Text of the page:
Ok, so I’ve been off the radar since last week and I may or may not catch up on the assignments. Only time will tell. Perhaps I’ll bombard The Commons with six posts tomorrow.
For today’s assignment we have to consider the beauty and complexity of architecture, and explore the drama in black and white, or monochrome.
The first photo is of a beautiful Edwardian villa in Kalk Bay, a classic colonial style. It’s been a guesthouse since about 1917.
The shadows cast by the buildings along the narrow streets of the Bairro Alto in Lisbon at night lend them a monochromatic cast. Sounds are muffled creating invisible walls as one walks through the streets at night.
Ent-like, the gnarled branches of the tree in the photo belie its age. I have no doubt it’s been around for many many decades.
When I took this pic I was cognisant of the fact that all I had was an iPhone. There was a wall behind me preventing me from walking backwards enough to capture the immensity of the outstretched branches.
I tried to show how far the branches stretched in the pic below.
Connect: to join or fasten together, to associate or consider as related, to become joined or united.
In India, there are times of the year that are most auspicious for getting married. During these times, weddings happen 24 hours a day. This is known as “wedding season”.
Because of the traditions in North Indian Hindu weddings, the time of a wedding is determined by the availability of horses, the wedding venue and the musicians for the bridegroom’s procession known as the baraat parade.
The stated time for the ceremony is very loose because it’s dependent on many external factors – some outside the control of the wedding party.
What I understood to be outside the control of the wedding party is the time of the baraat parade. It starts at the bridegoom’s home when the horse and baraat band arrive, weary, from another baraat parade at another wedding.
The baraat parade can get very large, as the procession winds, slowly, to the wedding venue. The groom’s friends and family dance alongside him on horseback, with the band in front. The procession can get larger (and slower) as more people, presumably strangers, join in as the procession makes it’s way in the street.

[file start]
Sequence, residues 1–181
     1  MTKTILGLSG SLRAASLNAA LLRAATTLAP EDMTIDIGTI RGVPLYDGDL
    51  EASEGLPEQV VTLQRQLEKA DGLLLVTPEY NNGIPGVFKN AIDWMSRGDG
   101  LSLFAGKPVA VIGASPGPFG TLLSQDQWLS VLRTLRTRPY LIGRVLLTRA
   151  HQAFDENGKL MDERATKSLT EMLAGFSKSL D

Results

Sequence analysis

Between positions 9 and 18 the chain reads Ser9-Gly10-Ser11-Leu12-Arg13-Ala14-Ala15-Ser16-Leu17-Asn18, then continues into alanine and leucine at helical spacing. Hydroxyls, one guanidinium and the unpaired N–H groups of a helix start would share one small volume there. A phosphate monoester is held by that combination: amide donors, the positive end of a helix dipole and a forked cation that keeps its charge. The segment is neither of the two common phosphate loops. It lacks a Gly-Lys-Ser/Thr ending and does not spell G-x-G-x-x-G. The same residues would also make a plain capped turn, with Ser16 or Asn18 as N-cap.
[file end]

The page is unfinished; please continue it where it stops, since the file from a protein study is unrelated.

I was told to be ready to travel to the wedding venue at 8pm. At the appointed time I received an SMS:
“Baraat parade not yet started”
It eventually got to the wedding venue at 11pm, when the ceremony took place.
The food was delicious, the wedding guests welcoming and friendly and the colours riotous. I loved every minute of this wedding.
Photo 101 – Day Five: Solitude & the “Rule of Thirds”
I remember a movie, many many years ago, about an explorer couple who’d set up a tent in the middle of the bush. They were plagued by mosquitoes, it was hot and they looked sweaty and miserable, drowning their sorrows with gin and tonic, hoping that the minuscule amounts of quinine in the tonic water would protect them from malaria. One can still rough it like that in Africa.
My idea of roughing it, however, is an upgrade from that of yesteryear. This tent came with air-conditioner, wi-fi and a corner bath.
I’m an explorer of a different sort and the solitude afforded me by this tent, spaced well apart from the next one, enabled me to relax and pretend that I was an intrepid explorer armed with a panga slashing my way through the bush. With all the mod-cons.
Does it count that I could hear the lions roar in the distance and the bush around the tent had a few black mambas slithering around?